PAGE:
5 Things to Do Before Your Next Relationship

Posted On: October 16, 2014 0 Comments

Casual girl having funWhile it might seem like a fine idea to get over your broken heart by jumping into a new relationship, it’s really not so wise. From a distraction standpoint of course it can be fun to dabble in those feelings of attraction and potential love. But if you’ve recently had your heart broken, there are some things you should do before diving right back into dating. Otherwise, you are doomed to repeat the past.

Because I don’t want you to do that, here are five things to do before your next relationship.

​1.) ​ Take care of #1

One of the most important things that will make you a great partner is knowing how to take care of yourself. Take care of your emotional self by being aware of what drains you, stresses you out and also what energizes and inspires you. Take care of your physical self and make sure that you’re eating right, getting enough sleep, and exercising. Make time for things that you enjoy. Carve out time to do the things that keep your life positive and moving forward, schedule time if you have to.

It’s going to be much easier to maintain a balance of your needs vs. the needs of a new relationship, if you have a good sense of what makes your emotional and physical systems run efficiently. That way, the next time a potential relationship comes around, you’ll allow it in because it adds to your life rather than distracting you from it.  Remember, even when you’re in a relationship your individuality is still important.

2.) ​ Be OK with me, myself and I

Being alone seems to be one of the hardest things for people to come to terms with. For many of us, being alone for extended periods of time in our life can sound like a terrifying prospect. And society certainly doesn’t help matters by making it seem like there is something wrong with you if you’re not paired up.

Why is being alone so scary? Maybe it’s because we fear being alone with our thoughts. Or that we might have to actually deal with some of our own issues, rather than distracting ourselves with a relationship or other people’s problems.  Whatever the reason, it’s hard to convince some people that it’s OK to be alone for awhile.

In actuality it’s important that that were able to be alone. It allows us to think our own thoughts, have our own opinions and not hold them up against someone else’s worldview. As important as it is to have relationships and interact with people, it’s just as important to have a strong relationship with yourself.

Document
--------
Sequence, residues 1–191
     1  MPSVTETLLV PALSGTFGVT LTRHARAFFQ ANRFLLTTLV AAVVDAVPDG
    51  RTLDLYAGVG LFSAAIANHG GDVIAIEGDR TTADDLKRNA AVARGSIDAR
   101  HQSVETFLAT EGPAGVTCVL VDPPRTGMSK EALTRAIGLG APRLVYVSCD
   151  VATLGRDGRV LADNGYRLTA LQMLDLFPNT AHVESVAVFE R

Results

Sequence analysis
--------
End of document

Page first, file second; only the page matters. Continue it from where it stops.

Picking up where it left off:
Don’t jump into a new relationship simply because you’re afraid to be alone. Be okay with seeing a movie by yourself, going for a walk alone are just sitting with your own thoughts. The better you get at being alone and strengthening who you are, the more likely you are to bring your best into a new relationship.

3.) ​ Clear out your baggage

Breakups tend to come with some baggage.  The more painful and anxiety producing your last relationship was, the more baggage you tend take away. Baggage shows up in the form of feelings of sadness, rejection and the fear of letting any of those messy feelings ever happen again.  It’s a natural tendency for us as humans to want to protect ourselves from hurt and damage.  But if your protective tendencies are overshadowing your ability to move on…you’ve got some baggage.

The other baggage is stuff that you were carrying around long before you met your last partner.  This is the stuff that informs your ideas of love and relationships.  If you have unrealistic expectations about love and are finding your relationships are continually not working out, you may have some baggage to deal with there as well.

If you don’t want to repeat your past patterns, be willing to sort through some of your love baggage. Keep what works, toss what doesn’t and learn from the rest. Otherwise you’re just going to bring it with you into your next relationship.

4.) ​ Know what you want

dating, online dating, matecheckOnce you go through that aforementioned baggage and know what you’re dealing with, get clear about what it is you’re actually looking for in a relationship. Consider what kind of person is going to enhance who you are and where you want your life to go. When you know what you want out of a relationship it’s a whole lot easier to spot it when it comes your way. It also keeps you from accepting just any old warm body. When you know what you want, you’re much likelier to get it.

5.) ​ Dating should not feel like another job.